Since I began teaching at Bakersfield College five years ago, most of my best students, who come from diverse racial, ethnic and socioeconomic backgrounds and circumstances, share one commonality. They are theater people.
Let me be clear: I teach journalism. My background in theater was less than stellar.
As an undergraduate transfer student at the University of Arizona, I was cut from the conservatory musical theater program after one year. I had no way of knowing then that what felt like the biggest failure in the world was just one of many setbacks that would shape my life.
Initially determined to prove wrong the professors who excised me from the program, I auditioned for every community and semi-professional theater production in Tucson. I performed in outdoor summer stock dramas in Texas and Utah for a little money and a lot of bug bites.
I completed an academic master’s degree in theater and, in the late 1990s, continued to audition for any show in Las Vegas that would consider hiring the antithesis of a showgirl. Unsurprisingly, I didn’t work much.
It took me years, filled with everything from terrible to terrific jobs and experiences, to find my way.
At BC, my small journalism program requires students who are hardworking and devoted. They often spend lots of hours on the (digital and print) newspaper classes, covering events, shooting photos, interviewing sources and crafting stories and packages for publication. They must edit their peers’ work and eke out a podcast here or there if they have time. To be productive, they consistently work toward a goal.
The theater students put forth just as much effort, rehearsing for performances, memorizing scripts, assembling costumes, scenery, lighting and sound schematics for productions.
At BC, our programs are collaborative, not cut-throat. Both journalism and theater majors also share an unfortunate link in these fraught times. People question their worthiness.
Certainly, arts majors of all stripes have had to deal with distraught parents and naysayers for generations. They worry about the practicality of going to college and incurring debt just to wind up waiting tables or nannying to make ends meet while they audition and hope to get a nibble of paid work.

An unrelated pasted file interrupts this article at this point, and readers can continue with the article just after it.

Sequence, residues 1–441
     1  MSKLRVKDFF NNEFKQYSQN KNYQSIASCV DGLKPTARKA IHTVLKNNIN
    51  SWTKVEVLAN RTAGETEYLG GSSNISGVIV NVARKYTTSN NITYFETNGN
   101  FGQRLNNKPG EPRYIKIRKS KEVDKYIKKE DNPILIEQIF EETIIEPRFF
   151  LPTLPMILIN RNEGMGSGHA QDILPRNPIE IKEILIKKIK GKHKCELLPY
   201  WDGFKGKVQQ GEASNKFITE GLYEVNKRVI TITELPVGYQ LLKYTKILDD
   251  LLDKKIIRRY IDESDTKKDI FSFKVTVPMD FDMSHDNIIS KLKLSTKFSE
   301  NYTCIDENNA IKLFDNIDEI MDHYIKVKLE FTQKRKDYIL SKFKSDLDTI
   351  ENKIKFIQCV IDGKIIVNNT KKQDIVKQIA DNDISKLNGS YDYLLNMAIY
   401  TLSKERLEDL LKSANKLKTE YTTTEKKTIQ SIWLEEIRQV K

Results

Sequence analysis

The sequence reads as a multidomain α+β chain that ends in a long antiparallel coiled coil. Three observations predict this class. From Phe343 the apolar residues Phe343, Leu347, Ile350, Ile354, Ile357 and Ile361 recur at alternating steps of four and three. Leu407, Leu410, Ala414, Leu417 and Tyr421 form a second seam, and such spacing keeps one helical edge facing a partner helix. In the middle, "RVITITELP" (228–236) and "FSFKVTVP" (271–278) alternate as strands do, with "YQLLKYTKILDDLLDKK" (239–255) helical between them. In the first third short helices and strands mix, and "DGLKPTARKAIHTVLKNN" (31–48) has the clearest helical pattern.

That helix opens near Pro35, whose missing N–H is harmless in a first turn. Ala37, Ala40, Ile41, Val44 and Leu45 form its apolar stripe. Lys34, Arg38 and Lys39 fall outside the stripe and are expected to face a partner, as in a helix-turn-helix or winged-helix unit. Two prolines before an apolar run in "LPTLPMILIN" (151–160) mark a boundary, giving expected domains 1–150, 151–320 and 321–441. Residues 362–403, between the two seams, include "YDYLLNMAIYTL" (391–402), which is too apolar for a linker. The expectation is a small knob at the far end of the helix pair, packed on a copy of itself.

With the digital age, journalism began to suffer a similar stigma as newspapers shrank, media outlets consolidated and it seemed like anyone with a Twitter handle could report the news.
Certainly, both courses of study require creativity and honing raw talent through practice, skill building and continued effort. Students in both majors need excellent oral communication skills (for interviewing subjects, delivering reports or presenting monologues and scenes). They need to be outgoing (willing to approach or contact strangers for interviews and confident enough to go onstage). They need technical skills (multimedia, tech, and editing abilities easily apply to both professions). They also need to be excellent storytellers.
Whether you become a stagehand, page designer, producer, reporter, editor, director or actor, to embark on either profession requires bravery.
On Thursday, the theater and journalism majors who completed their programs at BC graduated. Whether the next step is more education or a job in a related field, these students have acquired training and skills that will be useful for a variety of careers. Some of my former students are working in local news. But it doesn’t matter if they wind up becoming reporters, actors, producers or working in a totally unrelated profession. After all, they are just starting to find their way.
Erin Auerbach is a professor at Bakersfield College and adviser to The Renegade Rip, BC's award-winning student news publication.